Glee Recap: Snap, Crackle, Puppets! [Updated]
Nope, you’re not suffering from a pie-and-cranberry-sauce-induced hallucination: Glee aired a spankin’ new episode on Thanksgiving night. And in the same, “Wait! Did that just happen?” spirit, the action included puppets, animal-snout-masks, a faithful recreation of Janet Jackson’s “Rhythm Nation” video and a Sue Sylvester makeover courtesy of Wade “Unique” Adams.
In the spirit of the holiday — and because I’m halfway to a food coma — I’m gonna keep this recap pithy. So let’s cut right to the action, shall we?
PUPPET SHOW | Blaine had a tantrum when his ideas for Nationals weren’t immediately embraced by New Directions, but as he sulked in the corner, a gas leak caused him to hallucinate that he was living in a world of pliable puppet pals who supported his whims unconditionally. This led to his creation of a Kurt puppet — which Blaine inexplicably expected should be apologizing to him (“For WHAT?” asked everyone who’s ever watched Glee). Eventually, Blaine received an olive branch from his glee-club pals, who agreed he deserved a solo (with creative control) for his final high-school competition. In return, he gave them all puppets — and mailed additional plush doppelgangers to Kurt, Rachel, Santana and Elliott. (What, no Dani?)
THE PLEASURE PRINCIPAL | Sue sealed up her spot as permanent principal at McKinley by wowing the superintendent (Breaking Bad‘s Christopher Cousins) with increased attendance numbers and rising test scores, but was alarmed to discover he thought she was a man. After hallucinating a dance sequence starring herself and Schue, Sue sought Unique’s help in feminizing her look, but the plan backfired when Superintendent Harris shot down her invite to go on a date. (We also learned Sue began wearing her signature tracksuits back in 1986 — after realizing they were the only look that immediately caused the student population to fear and respect her.) Side note: No me gusta this insecure Sue. Let the woman have her pantsuits and her sexy administrator, too!
THE LEADER OF THE BAND | Kurt also got a tiny bit control-freaky regarding the details of Pamela Lansbury’s first gig. Only one person wound up attending, but that sole audience member’s bootleg video caught the attention of a booker at Williamsburg Music Hall. Cue gig No. 2! And let’s cue some real plot development for Elliott and Dani. Oh, and also Santana, already! And yes, Rachel, too! Those NYC scenes always have a certain electricity, but they’re always so brief, too, no?
MORE JAKE-MARLEY-BREE STUFF | Bree briefly thought she was with child and sought out Jake to accompany her to her abortion. When the pregnancy turned out to just be a scare, Bree lashed out at the younger Puckerman, basically calling him a manwhore destined to be nothing more than a baby daddy. This sent Jake running back to Marley, but she told him that after his betrayal, she could only think of him as a friend. (Ryder barely reared his floppy hair this week, so no love rhombus action, merely a triangle.)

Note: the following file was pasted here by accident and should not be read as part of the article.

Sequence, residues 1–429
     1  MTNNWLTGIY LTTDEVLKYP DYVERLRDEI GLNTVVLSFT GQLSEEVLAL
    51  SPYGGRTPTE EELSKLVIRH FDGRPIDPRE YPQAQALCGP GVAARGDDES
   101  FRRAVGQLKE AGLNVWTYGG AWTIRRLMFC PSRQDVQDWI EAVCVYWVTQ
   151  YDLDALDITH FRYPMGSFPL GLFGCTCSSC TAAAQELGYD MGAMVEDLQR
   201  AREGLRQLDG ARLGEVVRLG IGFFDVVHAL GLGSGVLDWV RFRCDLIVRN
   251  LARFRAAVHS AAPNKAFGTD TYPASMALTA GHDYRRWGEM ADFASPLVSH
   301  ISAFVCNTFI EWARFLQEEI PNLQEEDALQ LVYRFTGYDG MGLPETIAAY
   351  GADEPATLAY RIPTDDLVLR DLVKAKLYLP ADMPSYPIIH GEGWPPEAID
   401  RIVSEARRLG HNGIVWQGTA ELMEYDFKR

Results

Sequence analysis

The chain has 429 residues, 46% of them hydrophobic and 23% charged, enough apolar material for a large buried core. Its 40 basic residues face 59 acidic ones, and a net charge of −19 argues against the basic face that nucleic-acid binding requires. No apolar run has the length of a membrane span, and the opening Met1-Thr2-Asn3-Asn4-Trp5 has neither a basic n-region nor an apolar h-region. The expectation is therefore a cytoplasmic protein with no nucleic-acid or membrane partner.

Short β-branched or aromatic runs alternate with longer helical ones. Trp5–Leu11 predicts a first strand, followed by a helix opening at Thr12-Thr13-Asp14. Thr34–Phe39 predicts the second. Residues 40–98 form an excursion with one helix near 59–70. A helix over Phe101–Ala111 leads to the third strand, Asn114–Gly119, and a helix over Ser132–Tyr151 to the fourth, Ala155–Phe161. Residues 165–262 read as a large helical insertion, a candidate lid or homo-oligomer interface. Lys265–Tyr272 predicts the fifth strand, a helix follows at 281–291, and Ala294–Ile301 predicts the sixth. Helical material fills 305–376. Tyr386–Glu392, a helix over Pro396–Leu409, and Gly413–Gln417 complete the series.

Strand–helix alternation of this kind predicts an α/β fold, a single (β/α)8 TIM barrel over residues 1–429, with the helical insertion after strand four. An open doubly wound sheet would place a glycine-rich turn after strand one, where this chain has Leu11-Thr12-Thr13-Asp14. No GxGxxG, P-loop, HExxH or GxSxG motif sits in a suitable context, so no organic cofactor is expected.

EPISODE’S BEST QUOTES
“Looks like somebody’s man-struating.” –Kitty, mocking Blaine’s bitchy mood
“Babyfaced, mocha teen boy, arise!” –Figgins, waking up Jake from a choir-room nap
“Well, well, well…if it isn’t Miss Sally Field in Not Without My Puppet. Did you really think I was too stupid to suspect that you would come back here under the cloak of darkness to claim your monsterous puppet bride, you strange, tiny doe-eyed pervert. Kindly remove your fist from Puppet Hummel’s butt and place him gingerly on the desk.” –Sue, catching Blaine stealing his Kurt puppet from her safe
GRADES FOR THE NIGHT’S MUSICAL PERFORMANCES
Pamela Lansbury, “Into the Groove” — Grade: B | In theory, I loved the idea of the NYC kids rocking out to this seminal Madonna dance jam. But while Kurt’s fantasy performance debut looked great with its candy colored hues, I thought the actor’s individual voices were mixed in a way that none of them really had a chance to stand out or show their individual brilliance. Bummer!
Blaine + New Directions Puppets, “You’re My Best Friend” — Grade: B | Wouldn’t Blaine have sung this to bestie Sam? Whatevs, though, it was kinda cute and colorful.
Jake (featuring Marley, Bree, New Directions and writhing Cheerios), “Nasty”/”Rhythm Nation” — Grade: A- | I’m not sure Jacob Artist’s vocal was that distinctive, but damn these Janet Jackson tracks have stood the test of time, haven’t they? And the choreography was pretty fantastic, too.
Sue & Schue, “Cheek to Cheek” — Grade: B- | Surprisingly nice harmonies from Matthew Morrison and Jane Lynch, but this black-and-white throwback vibe felt a little been-there-done-that after Will & Emma’s “You’re All the World to Me,” no?
Entire Cast, “What Does the Fox Say?” — Grade: N/A | I couldn’t get past those creepy snout/beak/nose masks and ears on the New Directions kids. Srsly, they freaked me out big-time. Tell me I am not alone!
OK, your turn. What did you think of Blaine’s peculiar story arc? Are you still feeling like the NYC gang needs more time and focus from the writers? Hit the comments with your thoughts on “Puppet Master”!